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Need Help With .300 WM Loads (No Accuracy) (Bolt Hard To Close)

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Unread 10-19-2007, 08:38 PM
Bronze Member
Join Date: Apr 2006
Location: Texas
Posts: 42
Need Help With .300 WM Loads (No Accuracy) (Bolt Hard To Close)

Here's the situation: I have a Remington 700 SPS stainless .300 Win Mag that has been re-mounted in an HS Precision stock. It has been bedded and recrowned by a reputable gunsmith. I have some formal training in precision rifle work and have applied a lot of this to my hunting. Last year, I got this rifle a little late and had pure hell trying to find a factory load that would shoot with even a modicum of precision. After a lot of expense, I finally settled on Remington Premier with the 180 grain Swift Scirocco. It wasn't great but it worked fair out to 400 yards.

Elk hunting season comes and goes....I get the rifle recrowned and professionally bedded....

This year, I wanted to work up a load and a friend of mine ("Trigger Time" on Sniper's Hide) helped me out with that. I bought some once-fired brass from a guy on Sniper's Hide and some Swift Scirocco II 180 grainers from Midway USA...we load them up with various amounts of Reloader 22. We did not measure OAL of the brass. My buddy seats the bullets just off the lands.

Today, I went to the range and test fired the rifle and had two troubling observations:
1) The bolt was very hard to close on all of the cartridges (One would not chamber)
2) The most accurate load was 3" at 100 yards. The others were approx 4" to 6". (The rifle was shooting better than this with factory ammo before it was recrowned and bedded.)

Now I am really worried about lots of things:
- Is the brass too long?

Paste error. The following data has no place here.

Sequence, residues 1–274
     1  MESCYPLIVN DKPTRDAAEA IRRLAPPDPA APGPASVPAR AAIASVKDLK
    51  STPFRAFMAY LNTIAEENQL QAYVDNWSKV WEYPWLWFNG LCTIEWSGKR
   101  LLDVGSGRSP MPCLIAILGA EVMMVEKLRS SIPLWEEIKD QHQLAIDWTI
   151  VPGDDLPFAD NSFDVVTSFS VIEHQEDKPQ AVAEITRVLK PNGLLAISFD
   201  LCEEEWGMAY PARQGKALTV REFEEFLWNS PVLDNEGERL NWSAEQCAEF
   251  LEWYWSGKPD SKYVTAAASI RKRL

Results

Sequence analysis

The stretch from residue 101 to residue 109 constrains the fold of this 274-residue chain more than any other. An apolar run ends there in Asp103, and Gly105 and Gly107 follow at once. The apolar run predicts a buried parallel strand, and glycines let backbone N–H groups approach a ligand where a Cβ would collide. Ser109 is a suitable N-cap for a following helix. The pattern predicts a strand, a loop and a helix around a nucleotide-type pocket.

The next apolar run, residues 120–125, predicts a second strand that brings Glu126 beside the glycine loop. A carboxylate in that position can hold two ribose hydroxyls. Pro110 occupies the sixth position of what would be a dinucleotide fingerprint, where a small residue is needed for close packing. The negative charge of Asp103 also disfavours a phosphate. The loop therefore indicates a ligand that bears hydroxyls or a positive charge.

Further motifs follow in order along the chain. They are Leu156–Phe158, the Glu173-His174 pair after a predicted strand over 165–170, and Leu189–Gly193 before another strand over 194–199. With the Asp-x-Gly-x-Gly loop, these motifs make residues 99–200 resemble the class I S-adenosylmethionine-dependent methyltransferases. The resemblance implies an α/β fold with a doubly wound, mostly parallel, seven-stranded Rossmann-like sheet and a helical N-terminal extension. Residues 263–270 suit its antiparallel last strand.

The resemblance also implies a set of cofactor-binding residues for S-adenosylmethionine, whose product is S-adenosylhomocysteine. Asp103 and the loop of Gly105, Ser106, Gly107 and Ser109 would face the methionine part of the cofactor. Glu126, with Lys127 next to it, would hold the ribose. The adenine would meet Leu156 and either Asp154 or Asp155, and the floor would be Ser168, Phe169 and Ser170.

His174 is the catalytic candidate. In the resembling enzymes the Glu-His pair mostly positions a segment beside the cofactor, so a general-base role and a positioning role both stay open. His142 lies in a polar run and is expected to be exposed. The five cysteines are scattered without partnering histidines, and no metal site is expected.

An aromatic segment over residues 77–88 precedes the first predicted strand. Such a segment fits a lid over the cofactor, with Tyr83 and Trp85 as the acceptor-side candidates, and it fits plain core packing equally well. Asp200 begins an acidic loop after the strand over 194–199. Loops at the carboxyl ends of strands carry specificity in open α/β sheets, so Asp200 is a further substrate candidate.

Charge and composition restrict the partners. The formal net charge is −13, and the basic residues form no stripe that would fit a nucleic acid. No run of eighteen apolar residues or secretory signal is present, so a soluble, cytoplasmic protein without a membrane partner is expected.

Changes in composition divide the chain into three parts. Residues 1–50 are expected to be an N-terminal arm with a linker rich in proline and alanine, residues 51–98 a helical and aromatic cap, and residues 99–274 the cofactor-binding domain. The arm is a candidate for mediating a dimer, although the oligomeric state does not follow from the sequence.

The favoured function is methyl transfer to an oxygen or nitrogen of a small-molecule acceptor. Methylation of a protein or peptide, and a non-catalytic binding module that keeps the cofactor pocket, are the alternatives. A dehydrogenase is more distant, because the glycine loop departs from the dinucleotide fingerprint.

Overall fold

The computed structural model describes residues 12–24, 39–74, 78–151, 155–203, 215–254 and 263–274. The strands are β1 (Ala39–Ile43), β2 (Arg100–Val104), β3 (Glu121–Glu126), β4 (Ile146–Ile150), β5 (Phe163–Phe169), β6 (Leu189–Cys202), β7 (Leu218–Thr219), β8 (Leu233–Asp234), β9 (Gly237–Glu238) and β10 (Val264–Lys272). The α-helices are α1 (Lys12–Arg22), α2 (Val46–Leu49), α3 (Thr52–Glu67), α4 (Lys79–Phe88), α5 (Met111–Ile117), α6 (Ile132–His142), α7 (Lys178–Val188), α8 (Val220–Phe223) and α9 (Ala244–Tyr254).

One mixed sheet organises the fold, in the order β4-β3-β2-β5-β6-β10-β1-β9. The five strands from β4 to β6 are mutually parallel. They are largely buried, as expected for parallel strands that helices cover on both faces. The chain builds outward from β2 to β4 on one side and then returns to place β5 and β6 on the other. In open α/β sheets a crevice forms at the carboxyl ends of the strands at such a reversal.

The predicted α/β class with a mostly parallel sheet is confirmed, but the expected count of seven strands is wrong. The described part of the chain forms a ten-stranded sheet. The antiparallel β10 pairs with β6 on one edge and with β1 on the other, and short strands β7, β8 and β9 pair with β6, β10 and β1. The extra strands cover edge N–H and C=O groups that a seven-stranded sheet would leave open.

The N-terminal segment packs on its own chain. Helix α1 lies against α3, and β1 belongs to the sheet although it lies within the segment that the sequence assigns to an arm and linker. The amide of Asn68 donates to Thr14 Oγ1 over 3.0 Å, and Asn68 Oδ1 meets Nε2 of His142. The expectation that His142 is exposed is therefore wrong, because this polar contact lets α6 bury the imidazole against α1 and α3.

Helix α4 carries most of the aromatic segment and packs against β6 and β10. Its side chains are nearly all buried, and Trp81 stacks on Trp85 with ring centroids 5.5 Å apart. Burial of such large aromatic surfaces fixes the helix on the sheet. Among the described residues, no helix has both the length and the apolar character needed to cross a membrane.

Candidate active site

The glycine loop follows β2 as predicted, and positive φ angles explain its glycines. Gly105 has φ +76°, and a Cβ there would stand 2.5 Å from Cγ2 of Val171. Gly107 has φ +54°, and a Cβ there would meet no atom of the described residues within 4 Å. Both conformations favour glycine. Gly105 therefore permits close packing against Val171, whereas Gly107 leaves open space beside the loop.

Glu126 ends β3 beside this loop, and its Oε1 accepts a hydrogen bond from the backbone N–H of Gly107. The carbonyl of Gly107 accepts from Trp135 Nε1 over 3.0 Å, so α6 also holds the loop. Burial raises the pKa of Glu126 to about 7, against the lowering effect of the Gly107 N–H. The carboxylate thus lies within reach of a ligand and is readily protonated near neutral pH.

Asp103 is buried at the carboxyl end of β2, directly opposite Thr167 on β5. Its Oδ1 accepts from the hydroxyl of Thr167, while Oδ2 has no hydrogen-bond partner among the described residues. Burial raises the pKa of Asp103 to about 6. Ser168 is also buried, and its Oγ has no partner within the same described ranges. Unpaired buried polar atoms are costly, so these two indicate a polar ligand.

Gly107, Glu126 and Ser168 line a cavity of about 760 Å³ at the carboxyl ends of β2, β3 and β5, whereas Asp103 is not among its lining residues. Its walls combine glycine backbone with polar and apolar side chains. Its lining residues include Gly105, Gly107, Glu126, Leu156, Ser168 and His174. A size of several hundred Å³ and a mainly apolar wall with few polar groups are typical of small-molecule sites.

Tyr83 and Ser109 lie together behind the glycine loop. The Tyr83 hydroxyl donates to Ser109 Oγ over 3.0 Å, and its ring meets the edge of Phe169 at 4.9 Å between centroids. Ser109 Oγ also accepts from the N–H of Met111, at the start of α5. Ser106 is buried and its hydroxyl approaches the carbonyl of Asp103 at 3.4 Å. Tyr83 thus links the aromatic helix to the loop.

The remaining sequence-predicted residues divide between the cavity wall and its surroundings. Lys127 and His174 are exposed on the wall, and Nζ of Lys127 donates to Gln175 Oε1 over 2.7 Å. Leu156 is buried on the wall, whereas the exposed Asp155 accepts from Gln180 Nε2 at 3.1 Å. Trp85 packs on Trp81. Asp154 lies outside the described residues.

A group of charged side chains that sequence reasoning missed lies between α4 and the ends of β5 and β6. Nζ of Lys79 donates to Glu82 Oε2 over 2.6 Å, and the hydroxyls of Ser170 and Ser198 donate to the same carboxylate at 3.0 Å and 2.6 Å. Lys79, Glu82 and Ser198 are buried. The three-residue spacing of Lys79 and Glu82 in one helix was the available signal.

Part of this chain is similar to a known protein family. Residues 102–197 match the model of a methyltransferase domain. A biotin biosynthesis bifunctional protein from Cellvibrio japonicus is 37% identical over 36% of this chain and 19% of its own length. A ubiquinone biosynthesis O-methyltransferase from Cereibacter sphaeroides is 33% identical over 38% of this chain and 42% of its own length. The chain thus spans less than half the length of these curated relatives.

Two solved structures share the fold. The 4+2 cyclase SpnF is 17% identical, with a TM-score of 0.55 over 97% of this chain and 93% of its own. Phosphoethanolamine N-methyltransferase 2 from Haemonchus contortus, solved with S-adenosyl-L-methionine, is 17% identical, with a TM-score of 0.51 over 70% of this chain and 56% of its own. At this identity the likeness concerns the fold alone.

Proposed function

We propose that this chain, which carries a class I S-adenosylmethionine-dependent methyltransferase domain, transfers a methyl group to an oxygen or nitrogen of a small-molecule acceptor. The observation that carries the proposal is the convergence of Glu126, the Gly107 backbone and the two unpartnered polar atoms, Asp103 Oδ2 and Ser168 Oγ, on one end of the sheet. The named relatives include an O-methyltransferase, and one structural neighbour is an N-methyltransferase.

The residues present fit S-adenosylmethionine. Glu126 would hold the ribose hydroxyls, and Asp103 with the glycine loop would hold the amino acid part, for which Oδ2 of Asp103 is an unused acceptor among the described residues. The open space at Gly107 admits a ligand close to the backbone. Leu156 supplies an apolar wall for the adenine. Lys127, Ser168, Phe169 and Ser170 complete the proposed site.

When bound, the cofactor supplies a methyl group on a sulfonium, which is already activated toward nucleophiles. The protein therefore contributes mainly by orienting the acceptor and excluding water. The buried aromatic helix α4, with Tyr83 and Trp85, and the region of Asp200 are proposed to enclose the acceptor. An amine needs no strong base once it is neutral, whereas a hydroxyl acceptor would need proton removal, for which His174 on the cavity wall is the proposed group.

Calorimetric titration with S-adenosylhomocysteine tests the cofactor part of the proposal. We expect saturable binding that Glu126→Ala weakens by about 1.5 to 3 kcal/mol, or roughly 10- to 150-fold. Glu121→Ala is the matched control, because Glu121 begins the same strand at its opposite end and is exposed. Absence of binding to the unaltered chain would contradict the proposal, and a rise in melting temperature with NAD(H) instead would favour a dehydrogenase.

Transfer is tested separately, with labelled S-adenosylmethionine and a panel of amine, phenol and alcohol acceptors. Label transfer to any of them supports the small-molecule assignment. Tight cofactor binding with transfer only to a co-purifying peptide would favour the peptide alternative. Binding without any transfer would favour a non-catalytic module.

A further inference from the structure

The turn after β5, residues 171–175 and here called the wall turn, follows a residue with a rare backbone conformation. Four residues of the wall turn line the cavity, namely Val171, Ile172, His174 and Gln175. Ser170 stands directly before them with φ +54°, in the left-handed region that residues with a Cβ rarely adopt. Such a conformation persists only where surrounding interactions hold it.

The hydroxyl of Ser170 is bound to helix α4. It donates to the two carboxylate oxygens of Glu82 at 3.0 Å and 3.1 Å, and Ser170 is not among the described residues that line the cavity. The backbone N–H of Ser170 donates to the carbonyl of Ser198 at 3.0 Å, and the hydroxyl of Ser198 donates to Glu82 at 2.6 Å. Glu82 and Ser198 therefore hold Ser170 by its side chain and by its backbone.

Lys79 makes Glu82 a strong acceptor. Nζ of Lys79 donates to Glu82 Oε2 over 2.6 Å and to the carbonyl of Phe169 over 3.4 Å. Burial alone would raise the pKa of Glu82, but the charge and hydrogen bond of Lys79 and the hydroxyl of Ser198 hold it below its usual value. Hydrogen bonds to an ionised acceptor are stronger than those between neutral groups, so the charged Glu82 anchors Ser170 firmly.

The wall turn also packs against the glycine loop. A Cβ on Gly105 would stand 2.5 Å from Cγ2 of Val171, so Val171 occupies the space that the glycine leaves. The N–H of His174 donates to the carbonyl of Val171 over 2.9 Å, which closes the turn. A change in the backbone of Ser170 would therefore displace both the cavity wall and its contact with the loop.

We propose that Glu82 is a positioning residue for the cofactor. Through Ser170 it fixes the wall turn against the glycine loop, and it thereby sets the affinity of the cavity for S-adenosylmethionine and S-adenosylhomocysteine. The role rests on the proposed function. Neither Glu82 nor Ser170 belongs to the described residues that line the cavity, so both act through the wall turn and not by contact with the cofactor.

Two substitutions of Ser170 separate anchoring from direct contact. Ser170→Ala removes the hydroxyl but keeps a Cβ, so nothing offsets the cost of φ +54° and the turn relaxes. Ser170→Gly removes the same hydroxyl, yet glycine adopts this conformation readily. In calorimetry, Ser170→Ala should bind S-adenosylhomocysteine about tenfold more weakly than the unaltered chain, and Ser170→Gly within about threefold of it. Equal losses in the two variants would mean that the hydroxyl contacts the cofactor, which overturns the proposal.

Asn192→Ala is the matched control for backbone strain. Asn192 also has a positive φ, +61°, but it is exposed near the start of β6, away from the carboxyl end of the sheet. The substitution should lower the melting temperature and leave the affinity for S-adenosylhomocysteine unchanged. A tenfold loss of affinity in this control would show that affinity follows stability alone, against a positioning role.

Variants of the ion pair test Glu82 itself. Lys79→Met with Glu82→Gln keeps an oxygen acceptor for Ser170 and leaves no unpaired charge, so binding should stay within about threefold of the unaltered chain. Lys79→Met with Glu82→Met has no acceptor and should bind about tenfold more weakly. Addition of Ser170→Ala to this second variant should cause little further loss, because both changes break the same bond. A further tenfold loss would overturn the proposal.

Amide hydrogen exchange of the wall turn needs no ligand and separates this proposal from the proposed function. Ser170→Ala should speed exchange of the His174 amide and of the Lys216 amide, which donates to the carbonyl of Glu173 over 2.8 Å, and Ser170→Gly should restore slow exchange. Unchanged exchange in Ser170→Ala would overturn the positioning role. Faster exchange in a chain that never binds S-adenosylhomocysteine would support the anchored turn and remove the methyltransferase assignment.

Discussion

- Are the bullets seated too shallow?
- Is this rifle a lemon?
- Is the Scirocco just not going to work?
- etc..

I miked the factory rounds versus our loaded rounds. Here's the factory loading:

Here's my loads:

Here's a side by side comparison of 3 factory loads and 3 of my loads. Do you see anything wrong with the cases? I thought at first that the shoulders might have been higher on my brass compared to the factory brass but I think I was just being paranoid.

While I may have some formal training in precision shooting, I have NONE in reloading. I admit my ignorance and ask for your help. If the bolt is hard to close, doesn't that mean that either the brass is too long or the bullet is seated too long? Couldn't this be affecting accuracy?

Any thoughts? I really need some help here. I'm supposed to leave for Colorado in about 2 weeks. If this rifle doesn't work, I'm going to end up hunting in the mountains with a heavy AICS Remington 700 in .308 and that won't be cool.

I'm supposed to go back to my buddy's house tomorrow to try some Nosler Accubonds and maybe a different seating depth on these Sciroccos.

I will gladly accept any and all advice.

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Unread 10-19-2007, 09:07 PM
Join Date: Jul 2007
Location: Idaho
Posts: 366
Take a fired case put in your die and and start screwing down your
die 1/8th turn then try in your rifle see if its hard repeat until the bolt
closes easy with just a little resistance.
Now place a bullet in a "UNprimed" case that works smooth in your rifle
measure the length about 40thousands over size now take a candle and
put the smoke on the bullet end and see how it fits if too long rifling
marks will be on the bullet turn down the bullet until marks are gone should
be 3 to 7 thousands off the riflings generally works at this point.
A load that works very well for a 300 Win with a 200 sgk is 76.5 RL-25
215M primers in Win cases.
Good luck on your hunt..
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Unread 10-19-2007, 10:15 PM
Silver Member
Join Date: Jan 2005
Posts: 262
Nomad most likely (I'd say about 95% sure has it right). Bottom line is NEVER get brass from someone else unless you are pretty sure about your reloading and it will really help if you have a headspace gauge kit. Last thing is make sure that you are not binding above the belt. If the gun that shot the brass had a generous chamber the bulge above the belt could be a problem. Make sure if you measure just above the belt you are .512 or under. No belted FL sizer goes all the way to the belt because they are afraid someone could move it back and make a headspace problem.